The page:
Beak reduction of chicks: what is it?

Animal welfare issues in the poultry sector are numerous and equally numerous are the criticisms made of intensive/protected poultry farming. Among these criticisms is the so-called ‘beak trimming’ of chicks, a practice associated with those destined to become hens.

This procedure is considered by most to be mistreatment, mainly because the term evokes something violent and leads one to imagine situations that, especially today, are far removed from what actually happens. It is, in fact, a system for preventing the damage that these animals cause to their fellows when they share a space. It is a natural behaviour that in a farm, however, represents a factor that tends to lower animal welfare criteria, affecting both the health of the animal and the economic contribution that the animal makes to those who breed it.

This operation, as it is carried out today, is therefore more appropriate to call it ‘beak treatment’.

The operation only concerns, we repeat, hens reared to produce eggs, and is performed by the age of 10 days. The part of the chicks’ beak near the tip is in fact shaped like a pointed hook, which serves to allow the hen to pluck, select food particles and penetrate the ground more easily.

On farms, however, food is constantly available to the animals so the reduction of the beak is only done to avoid plucking, which the hens practise among themselves as a matter of role. Another reason is to avoid cases of cannibalism, which hens instinctively tend to do towards eggs.

Years ago, the beak was trimmed with a hot blade, and being an operation performed manually by a person, the cut could be imprecise.

But we are talking about a field, that of poultry farming, which is constantly evolving with the aim of offering ever greater wellbeing to the animals it deals with, for the simple, never over-emphasised reason that the more you can increase even the smallest sign of potential greater wellbeing, the more the animal returns this attention in the form of health and therefore also commercial and food wellbeing for consumers.

Today, in fact, to eliminate the risk of unintentionally injuring the chicks, the reduction treatment is carried out by robots specifically designed to avoid trauma to the chicks and to provide for minimal human intervention. Some of these robots automatically measure the size of the beak and the chick and illuminate only the end area of the beak with infrared light in a fraction of a second. The part exposed to infrared light dries out and falls off after a couple of weeks, leaving the beak rounded, tightly closed, with no sharp ends and no risk of infection. In this way, injuries, which are one of the main causes of infection, are drastically reduced on farms.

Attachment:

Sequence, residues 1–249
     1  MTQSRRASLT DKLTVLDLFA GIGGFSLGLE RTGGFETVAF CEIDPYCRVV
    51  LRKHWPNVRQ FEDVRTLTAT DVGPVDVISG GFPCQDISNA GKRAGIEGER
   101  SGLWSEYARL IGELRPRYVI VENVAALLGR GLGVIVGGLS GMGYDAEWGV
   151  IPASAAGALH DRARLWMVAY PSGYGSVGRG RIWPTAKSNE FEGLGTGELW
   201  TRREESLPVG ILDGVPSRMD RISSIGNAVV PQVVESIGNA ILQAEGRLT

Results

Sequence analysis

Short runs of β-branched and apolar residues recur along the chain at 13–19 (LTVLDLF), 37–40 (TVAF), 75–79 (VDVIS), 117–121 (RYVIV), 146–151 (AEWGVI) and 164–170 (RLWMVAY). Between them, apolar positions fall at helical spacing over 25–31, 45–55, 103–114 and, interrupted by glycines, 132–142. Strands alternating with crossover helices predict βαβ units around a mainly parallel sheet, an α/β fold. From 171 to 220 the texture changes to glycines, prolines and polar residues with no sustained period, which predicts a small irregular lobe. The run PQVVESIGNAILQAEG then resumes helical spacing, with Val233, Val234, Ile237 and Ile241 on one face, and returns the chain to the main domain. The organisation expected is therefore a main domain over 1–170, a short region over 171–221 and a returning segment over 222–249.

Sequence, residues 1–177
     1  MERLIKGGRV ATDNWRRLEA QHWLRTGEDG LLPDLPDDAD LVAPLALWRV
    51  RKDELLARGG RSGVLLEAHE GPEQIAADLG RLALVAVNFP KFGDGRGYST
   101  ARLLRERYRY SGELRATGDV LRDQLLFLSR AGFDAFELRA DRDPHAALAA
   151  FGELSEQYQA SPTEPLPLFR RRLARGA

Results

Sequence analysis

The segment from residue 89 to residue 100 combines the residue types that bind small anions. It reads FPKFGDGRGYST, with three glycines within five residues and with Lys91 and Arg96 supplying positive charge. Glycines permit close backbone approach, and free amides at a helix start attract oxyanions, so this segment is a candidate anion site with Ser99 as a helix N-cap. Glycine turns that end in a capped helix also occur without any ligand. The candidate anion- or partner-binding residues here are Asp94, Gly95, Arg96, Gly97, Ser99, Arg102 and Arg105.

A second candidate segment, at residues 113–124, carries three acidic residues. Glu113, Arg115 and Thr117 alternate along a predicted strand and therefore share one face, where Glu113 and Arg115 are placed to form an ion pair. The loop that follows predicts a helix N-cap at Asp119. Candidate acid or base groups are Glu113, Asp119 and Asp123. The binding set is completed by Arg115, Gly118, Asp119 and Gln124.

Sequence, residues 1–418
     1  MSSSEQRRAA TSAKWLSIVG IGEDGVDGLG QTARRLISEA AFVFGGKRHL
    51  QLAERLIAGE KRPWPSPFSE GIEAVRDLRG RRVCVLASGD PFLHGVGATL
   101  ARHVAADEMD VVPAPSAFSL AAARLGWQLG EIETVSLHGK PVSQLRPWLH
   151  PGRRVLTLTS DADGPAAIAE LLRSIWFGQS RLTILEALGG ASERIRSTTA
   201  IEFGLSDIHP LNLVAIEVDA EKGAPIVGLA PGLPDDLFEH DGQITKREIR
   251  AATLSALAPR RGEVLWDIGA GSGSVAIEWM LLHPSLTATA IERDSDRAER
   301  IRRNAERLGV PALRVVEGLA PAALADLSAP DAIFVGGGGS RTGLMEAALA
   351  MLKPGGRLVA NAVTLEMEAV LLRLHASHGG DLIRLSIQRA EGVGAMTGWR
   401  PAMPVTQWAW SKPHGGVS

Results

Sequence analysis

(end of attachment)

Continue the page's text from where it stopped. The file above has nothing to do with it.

These attentions, which are necessary even if criticised by detractors, therefore lead to greater welfare and lower mortality due to the fact that, although a certain normal competition between the animals remains, injuries are drastically reduced.

Although these measures have very high costs that affect the already low margins of the industry, they increase animal welfare and are now being used on an increasing number of farms because of both the beneficial effects on the animals and the economic return for the farmers.

Below is an illustrated summary of the new procedures and results:


Beak reduction of chicks: what is it?
Diagram of how (in section) infrared treatment takes place


The chicks are placed in the invitation of the infrared machine which receives the part of the beak to be treated


Of the two chicks, the one on the left has just received the beak reduction treatment with infrared: you can see the treated portion of the beak.


Adult hen with treated beak. Notice the rounding at the end


The Editors of M.A.C.